+
More

An invention from these college kids could help diagnose diseases earlier than ever.

True
the Ad Council - #TrendOnThis

This group of Australian students has invented a new way to diagnose diseases — and it could lead to a tool that's better than what we've got now.

It's got the power to save lives, and in a few years you may even see it on a cellphone.


These dudes did it! And they're clearly pumped about it. Image courtesy of Dr. Lawrence Lee.

In 2014, the team of undergrads entered a prestigious biomolecular design competition at Harvard University from halfway around the world — and took home first place.

They call themselves Team EchiDNA. They're a group of Australian undergrads led by Dr. Lawrence Lee of the Victor Chang Cardiac Research Institute in Sydney.

So how did they win? They looked at nature.

Together with Lee, the team designed the Cooperative Molecular Biosensor that can detect viruses and diseases. They drew their inspiration from the design models found in nature.

"By copying nature, we're constructing new technologies that can potentially be used to drive a rapid diagnostic device," Lee explained to me via email.

Team members at the BIOMOD contest at Harvard's Wyss Institute. Image via Jacob Klensin/Wyss Institute.

The Cooperative Molecular Biosensor is a tiny sensor made up of a ring of beacons that light up when they bind to the target DNA — of a virus, pathogen, or even mutation.

Is the virus present? If yes, the ring lights up. That's all there is to it. You can see more of a scientific explanation in their project video.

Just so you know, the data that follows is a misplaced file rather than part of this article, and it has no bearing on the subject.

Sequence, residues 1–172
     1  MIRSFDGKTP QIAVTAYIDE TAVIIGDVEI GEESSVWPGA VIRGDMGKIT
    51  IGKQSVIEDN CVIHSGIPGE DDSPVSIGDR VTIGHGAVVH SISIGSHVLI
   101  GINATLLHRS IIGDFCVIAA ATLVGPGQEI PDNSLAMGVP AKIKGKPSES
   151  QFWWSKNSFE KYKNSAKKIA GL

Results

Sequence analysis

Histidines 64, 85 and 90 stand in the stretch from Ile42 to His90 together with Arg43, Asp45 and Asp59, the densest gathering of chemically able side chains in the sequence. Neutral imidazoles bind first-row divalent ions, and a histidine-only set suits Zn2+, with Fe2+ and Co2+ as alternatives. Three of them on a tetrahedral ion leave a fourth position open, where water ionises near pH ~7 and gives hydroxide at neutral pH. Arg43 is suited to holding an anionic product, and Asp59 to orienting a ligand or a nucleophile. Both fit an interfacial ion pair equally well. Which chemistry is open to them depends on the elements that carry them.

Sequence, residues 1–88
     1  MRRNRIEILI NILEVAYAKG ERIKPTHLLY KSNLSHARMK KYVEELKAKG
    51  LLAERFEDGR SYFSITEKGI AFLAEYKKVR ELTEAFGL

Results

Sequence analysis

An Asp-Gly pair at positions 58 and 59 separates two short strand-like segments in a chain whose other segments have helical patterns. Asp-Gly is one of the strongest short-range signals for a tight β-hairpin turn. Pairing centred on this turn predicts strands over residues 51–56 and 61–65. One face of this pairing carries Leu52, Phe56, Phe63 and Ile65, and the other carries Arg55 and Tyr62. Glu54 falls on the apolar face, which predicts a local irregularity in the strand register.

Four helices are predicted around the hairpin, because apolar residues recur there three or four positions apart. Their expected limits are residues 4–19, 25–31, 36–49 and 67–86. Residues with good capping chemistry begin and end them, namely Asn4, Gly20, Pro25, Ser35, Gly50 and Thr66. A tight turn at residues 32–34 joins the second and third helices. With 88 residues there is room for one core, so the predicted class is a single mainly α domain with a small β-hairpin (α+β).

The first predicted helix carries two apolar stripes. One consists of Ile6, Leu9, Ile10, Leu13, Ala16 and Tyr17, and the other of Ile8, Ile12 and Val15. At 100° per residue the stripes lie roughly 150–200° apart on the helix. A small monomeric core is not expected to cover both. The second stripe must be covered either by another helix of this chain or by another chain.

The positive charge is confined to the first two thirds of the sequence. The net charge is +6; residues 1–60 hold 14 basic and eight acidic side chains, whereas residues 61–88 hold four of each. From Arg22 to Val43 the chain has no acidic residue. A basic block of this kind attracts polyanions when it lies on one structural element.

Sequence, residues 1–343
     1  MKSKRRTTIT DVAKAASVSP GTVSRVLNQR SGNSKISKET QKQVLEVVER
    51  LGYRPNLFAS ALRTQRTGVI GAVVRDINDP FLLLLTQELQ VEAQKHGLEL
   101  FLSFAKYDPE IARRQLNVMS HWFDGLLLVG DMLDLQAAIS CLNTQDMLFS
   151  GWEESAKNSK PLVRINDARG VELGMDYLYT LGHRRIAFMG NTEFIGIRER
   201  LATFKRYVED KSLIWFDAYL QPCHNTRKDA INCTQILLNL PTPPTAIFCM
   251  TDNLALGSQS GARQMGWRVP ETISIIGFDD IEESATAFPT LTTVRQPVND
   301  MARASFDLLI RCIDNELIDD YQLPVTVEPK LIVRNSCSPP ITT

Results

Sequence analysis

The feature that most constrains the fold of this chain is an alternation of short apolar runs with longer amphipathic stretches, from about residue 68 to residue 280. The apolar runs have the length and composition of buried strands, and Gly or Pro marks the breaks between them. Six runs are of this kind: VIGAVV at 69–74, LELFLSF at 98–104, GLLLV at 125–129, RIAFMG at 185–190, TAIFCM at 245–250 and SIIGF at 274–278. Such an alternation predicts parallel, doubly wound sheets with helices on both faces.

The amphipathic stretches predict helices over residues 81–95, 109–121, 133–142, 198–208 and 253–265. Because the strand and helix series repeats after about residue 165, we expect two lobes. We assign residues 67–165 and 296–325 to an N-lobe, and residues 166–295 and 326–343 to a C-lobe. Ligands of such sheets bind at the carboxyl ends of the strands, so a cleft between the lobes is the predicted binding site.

But the bottom line: more sensitive testing and fewer false positives. Yes!

A computer model of the sensor. GIF via Team EchiDNA.

A group of students pulling this off is impressive. The short time frame they did it in is even more so.

The team was made up of undergraduates, and as Lee describes, had many other student responsibilities to worry about.

"We started the project quite late with only a few months for everything to come together," he says, explaining the challenges they've faced. "The team consisted of undergraduate students who still had to attend lectures, submit assignments, and sit exams."

Giving hope to procrastinators everywhere!

Winning the contest was just the beginning. This invention has the potential to revolutionize the way we diagnose diseases like Ebola.

At the same time the students were busy winning awards for their invention, Ebola was wreaking havoc on parts of the world. And flat-out scaring the rest of it.

Ebola virus. Image via Centers for Disease Control and Prevention.

During the outbreak, Lee says, "there was a clear need for definitive and rapid diagnostics of Ebola so that patients could be identified, isolated, and treated quickly to stem the spread of the disease."

Because the initial symptoms of Ebola are so similar to those of other diseases (malaria, typhoid fever, other bad stuff), diagnosis in the early stages can be very difficult. With current technology, a patient may be in the hospital for multiple days before a positive Ebola diagnosis is made.

Team EchiDNA saw the need to rapidly diagnose Ebola and tailored their design to help fill that void.

The team created their design to target the DNA of the Ebola virus — although, as Lee explains, "I must stress that the capacity to detect Ebola DNA sequences in laboratory setting is a long way from robust and accurate diagnostics in patient samples."

The team presenting their project at the BIOMOD contest. Image via Jacob Klensin/Wyss Institute.

In other words — the device is a long way from being sent into the field. But they are working to get there.